Havre Daily News - News you can use

Hi-Line Living - Drug task force

 

January 11, 2019

Havre Daily News/Ryan Berry

Over the years the Tri-Agency Task Force has made great strides in taking large drug conspiracy cases to federal court, task force supervisor C.J. Reichelt said.

He added that there are many things, resources and time that go into making these large case arrests and to "cut off the head of the snake."

The Tri-Agency Task Force has two offices here on the Hi-Line, one in Glasgow and one in Havre. The Havre office is typically made up of four agents, a Havre Police officer, a Hill County sheriff's deputy, a Blaine County sheriff's deputy and an agent from the U.S. Border Patrol. The Havre Office covers Liberty, Hill, Blaine and Phillips counties, as well as the Rocky Boy's and Fort Belknap Indian reservations.

Task force agents wear plain clothes and don't work patrols, instead they work different shifts that depend on what they have planned, as well as being on call 24 hours a day. Reichelt said he is a sergeant for the Havre Police Department, as well as supervisor and team leader for the task force. He added that all the task force agents are detailed, or full-time, task force agents.

Reichelt said that most of what they do are interviews with concerned citizens and interviewing inmates to help find out who is distributing drugs in the community. He said that they do this so they can get a clear idea of who the drug sources, or suppliers, are.

The task force approaches inmates and talks with them to see if they are able to get information, he said.

"We kind of work our way up the ladder, we know who to go talk to," Reichelt said.

He added that it is more beneficial working with other agencies in building cases for the large conspiracy crimes.

The communities are very interconnected, he said. Every one the task force has has been a multi-jurisdiction case, it was never people dealing in only a specific community, he said.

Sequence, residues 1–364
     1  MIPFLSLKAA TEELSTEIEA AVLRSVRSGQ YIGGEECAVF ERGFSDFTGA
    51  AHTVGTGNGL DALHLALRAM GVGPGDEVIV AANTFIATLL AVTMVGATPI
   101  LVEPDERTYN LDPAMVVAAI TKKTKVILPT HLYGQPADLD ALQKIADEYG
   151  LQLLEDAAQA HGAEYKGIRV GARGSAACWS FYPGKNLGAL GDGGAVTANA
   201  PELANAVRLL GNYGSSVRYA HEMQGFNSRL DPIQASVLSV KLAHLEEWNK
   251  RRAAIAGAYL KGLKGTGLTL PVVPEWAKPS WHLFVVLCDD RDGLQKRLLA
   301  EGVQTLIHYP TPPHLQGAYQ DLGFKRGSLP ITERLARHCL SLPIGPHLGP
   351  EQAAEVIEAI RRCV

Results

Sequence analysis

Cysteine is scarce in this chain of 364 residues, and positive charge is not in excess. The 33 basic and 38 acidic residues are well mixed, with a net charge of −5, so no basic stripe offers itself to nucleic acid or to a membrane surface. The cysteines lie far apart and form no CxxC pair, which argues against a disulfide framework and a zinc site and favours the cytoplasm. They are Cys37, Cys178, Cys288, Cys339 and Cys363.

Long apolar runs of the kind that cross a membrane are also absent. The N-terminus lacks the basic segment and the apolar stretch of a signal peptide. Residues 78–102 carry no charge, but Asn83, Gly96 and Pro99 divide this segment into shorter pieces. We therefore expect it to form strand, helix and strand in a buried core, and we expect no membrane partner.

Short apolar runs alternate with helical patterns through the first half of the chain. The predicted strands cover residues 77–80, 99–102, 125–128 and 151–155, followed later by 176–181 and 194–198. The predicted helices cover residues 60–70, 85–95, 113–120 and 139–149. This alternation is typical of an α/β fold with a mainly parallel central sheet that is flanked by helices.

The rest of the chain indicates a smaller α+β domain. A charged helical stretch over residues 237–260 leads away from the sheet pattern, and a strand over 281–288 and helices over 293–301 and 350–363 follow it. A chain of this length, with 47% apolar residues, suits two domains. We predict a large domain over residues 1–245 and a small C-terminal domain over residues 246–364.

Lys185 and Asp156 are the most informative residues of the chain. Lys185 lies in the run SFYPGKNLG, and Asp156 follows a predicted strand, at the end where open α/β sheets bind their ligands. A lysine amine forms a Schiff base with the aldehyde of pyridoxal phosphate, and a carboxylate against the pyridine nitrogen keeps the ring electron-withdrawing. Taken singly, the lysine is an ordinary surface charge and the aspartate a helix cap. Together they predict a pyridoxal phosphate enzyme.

The police departments in these different communities are the boots on the ground for the task force, Reichelt said, and help them develope a clear picture of what is going on within the communities.

Many of the sources are tied to Washington state, California and Utah, Riechelt said. He added that many different Hispanic gangs, such as the Norteños, a northern California gang, and the Sureños, a

southern California gang, are involved.

"The sources are always connected to a gang, always," Reichelt said.

In addition to meth, prescription pills are a large problem in the community, he said, adding that heroin is not as prevalent as other places in the country.

The task force deals with larger organizations bringing in pills, Reichelt said.

Drug dealers bring in 5,000 to 10,000 pills every year, he said, adding that these are not doctors over-prescribing medication but pills coming from out of state.

Havre Police Chief Gabe Matosich said more than 100 people die per day nationwide due to the opioid epidemic.

Reichelt said that these pills can also be very dangerous because people don't know what they are really taking. He said the task force encountered a fake oxycodone pill which was made up of 30 milligrams of morphine, heroin and fentanyl, a synthetic opioid that is 100 times stronger than morphine.

"This place is flooded with pills and meth," Reichelt said. "You can pretty much throw a rock and hit a meth dealer."

"90 percent of the people we deal with that go to jail are probably using meth," he added.

Reichelt said that the task force gets involved in anything drug-related.

Matosich said without the task force, drug investigations would be complete chaos, adding that the task force is vital to these investigations.

He said the task force has the ability to work within the different communities in the area.

Reichelt added that without the task force, the police force wouldn't have the manpower it needs to work and build these large conspiracy cases.

He said the task force works hand in hand with the Federal Bureau of Investigation, Alcohol Tobacco and Firearms administration and the Drug Enforcement Administration.